• To be representative, a sample should have the same characteristics, in the same proportions, as the wider research population. It should be a cross-section of the whole group.
  • If the sample is a representative cross-section, then what is true of the sample is likely to be true of the whole group.
  • Representativeness is important to positivists because they want to make generalisations and discover general laws of social behaviour. 
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Are all samples representative?

  • Small samples are less likely to be representative of large populations
  • Interpretivists are more interested in the meanings held by social actors. Because they are not trying to establish 'laws' of social behaviour that might apply to large social groups, they feel it is less important to use representative samples.
  • If the researcher does not have a sampling frame that includes all members of the research population, they cannot create a representative sample.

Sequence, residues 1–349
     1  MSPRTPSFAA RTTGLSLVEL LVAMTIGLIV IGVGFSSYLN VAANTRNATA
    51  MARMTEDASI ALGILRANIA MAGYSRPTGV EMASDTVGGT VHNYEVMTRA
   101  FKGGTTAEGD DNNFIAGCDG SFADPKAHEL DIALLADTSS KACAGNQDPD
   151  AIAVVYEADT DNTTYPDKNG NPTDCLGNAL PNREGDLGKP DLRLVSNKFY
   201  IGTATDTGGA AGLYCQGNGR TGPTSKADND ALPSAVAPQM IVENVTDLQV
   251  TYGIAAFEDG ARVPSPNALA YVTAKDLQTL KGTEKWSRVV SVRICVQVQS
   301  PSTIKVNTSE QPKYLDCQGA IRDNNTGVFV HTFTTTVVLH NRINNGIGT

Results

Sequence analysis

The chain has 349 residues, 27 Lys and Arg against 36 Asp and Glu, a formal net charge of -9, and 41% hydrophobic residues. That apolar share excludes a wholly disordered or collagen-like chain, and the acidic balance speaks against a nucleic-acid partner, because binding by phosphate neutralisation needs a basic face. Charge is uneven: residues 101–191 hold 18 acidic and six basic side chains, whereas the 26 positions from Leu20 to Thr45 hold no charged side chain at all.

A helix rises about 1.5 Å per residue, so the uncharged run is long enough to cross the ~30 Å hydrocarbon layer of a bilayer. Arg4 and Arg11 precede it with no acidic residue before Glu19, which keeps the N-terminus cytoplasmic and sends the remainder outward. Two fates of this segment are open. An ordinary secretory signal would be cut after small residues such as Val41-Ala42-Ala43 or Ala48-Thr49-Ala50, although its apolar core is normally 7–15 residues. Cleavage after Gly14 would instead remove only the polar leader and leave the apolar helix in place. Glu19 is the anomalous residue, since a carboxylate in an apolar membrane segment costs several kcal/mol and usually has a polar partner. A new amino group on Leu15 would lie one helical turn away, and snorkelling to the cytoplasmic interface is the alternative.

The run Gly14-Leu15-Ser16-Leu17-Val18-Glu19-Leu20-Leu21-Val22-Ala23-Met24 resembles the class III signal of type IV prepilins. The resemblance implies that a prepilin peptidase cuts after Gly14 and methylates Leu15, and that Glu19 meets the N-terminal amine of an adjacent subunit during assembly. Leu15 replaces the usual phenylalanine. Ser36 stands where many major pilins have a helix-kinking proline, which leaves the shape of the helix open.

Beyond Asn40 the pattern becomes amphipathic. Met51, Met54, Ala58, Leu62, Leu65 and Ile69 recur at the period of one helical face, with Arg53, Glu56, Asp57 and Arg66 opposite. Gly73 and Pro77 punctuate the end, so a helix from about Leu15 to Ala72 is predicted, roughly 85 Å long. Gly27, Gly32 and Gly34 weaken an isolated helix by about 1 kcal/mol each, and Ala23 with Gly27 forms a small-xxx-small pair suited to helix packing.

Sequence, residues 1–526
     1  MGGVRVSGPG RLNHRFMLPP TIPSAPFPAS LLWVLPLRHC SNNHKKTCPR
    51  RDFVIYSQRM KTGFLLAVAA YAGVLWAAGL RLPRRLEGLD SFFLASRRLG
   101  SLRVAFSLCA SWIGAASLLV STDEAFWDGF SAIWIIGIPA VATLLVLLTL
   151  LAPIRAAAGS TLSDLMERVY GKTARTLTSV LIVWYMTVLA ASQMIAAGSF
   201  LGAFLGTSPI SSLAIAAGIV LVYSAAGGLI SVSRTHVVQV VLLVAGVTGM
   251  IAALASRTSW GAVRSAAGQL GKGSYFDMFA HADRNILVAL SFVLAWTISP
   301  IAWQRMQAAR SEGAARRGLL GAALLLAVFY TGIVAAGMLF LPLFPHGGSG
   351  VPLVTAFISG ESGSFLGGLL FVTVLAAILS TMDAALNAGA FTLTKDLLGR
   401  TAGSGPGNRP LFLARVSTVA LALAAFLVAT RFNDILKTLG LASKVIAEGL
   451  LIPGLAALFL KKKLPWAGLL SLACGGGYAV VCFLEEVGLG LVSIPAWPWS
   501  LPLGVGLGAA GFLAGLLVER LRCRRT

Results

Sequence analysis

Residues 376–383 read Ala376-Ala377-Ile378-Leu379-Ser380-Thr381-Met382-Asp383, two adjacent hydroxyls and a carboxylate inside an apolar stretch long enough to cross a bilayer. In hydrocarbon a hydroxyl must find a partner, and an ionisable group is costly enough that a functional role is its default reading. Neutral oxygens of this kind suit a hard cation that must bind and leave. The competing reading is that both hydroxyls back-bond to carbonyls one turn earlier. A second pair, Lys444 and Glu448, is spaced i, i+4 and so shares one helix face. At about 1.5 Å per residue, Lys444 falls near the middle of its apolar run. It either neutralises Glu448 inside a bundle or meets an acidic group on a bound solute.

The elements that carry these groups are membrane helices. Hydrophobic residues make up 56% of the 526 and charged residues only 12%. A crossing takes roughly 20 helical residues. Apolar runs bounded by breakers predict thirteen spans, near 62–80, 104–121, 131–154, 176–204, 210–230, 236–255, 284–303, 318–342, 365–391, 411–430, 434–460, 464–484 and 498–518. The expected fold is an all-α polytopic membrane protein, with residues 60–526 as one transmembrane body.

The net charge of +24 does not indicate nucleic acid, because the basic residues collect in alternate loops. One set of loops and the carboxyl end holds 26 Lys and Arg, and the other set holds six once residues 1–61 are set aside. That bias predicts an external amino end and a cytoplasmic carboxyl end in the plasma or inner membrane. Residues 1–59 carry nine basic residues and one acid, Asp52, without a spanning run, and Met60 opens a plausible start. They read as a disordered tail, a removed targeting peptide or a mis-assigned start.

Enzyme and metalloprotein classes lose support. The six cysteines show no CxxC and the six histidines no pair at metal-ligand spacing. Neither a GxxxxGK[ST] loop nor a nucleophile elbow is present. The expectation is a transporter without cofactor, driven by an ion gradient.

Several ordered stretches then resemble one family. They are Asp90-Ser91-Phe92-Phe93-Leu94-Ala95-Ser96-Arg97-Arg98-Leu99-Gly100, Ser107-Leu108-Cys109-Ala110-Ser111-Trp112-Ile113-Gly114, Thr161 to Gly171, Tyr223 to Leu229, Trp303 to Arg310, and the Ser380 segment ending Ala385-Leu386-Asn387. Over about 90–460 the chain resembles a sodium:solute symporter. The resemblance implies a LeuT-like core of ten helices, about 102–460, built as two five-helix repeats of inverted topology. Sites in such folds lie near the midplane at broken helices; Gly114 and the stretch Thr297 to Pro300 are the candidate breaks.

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Types of sample

Sociologists use several types of sampling:

Random sampling This is where every member of the sampling frame has an equal chance of being selected (e.g. names drawn out of a hat). This eliminates bias in sample selection. A large enough random sample should reflect the characteristics (e.g. gender, class etc.) of the whole research population. However, not all random samples are large enough to ensure this happens.

Systematic or quasi-sampling Some sociologists introduce an element of structure into sampling by selecting every nth person in the sampling frame - e.g. every tenth name in the list. This can reduce the chance of a skewed (biased) sample being randomly selected.

Stratified sampling The researcher first stratifies (breaks down) the population by age, class, gender etc. The sample is then created in the same population, e.g. if 20% of the population are under 16, then 20% of the samoke also have to be under 16.

Quota sampling The population is stratified as above, and then each interviewer is given a quota of say, 20 females, 10 of whom are aged 60 or over etc., which they have to fill with respondents who fit these characeristics. The interviewer keeps at this task until their quota is filled.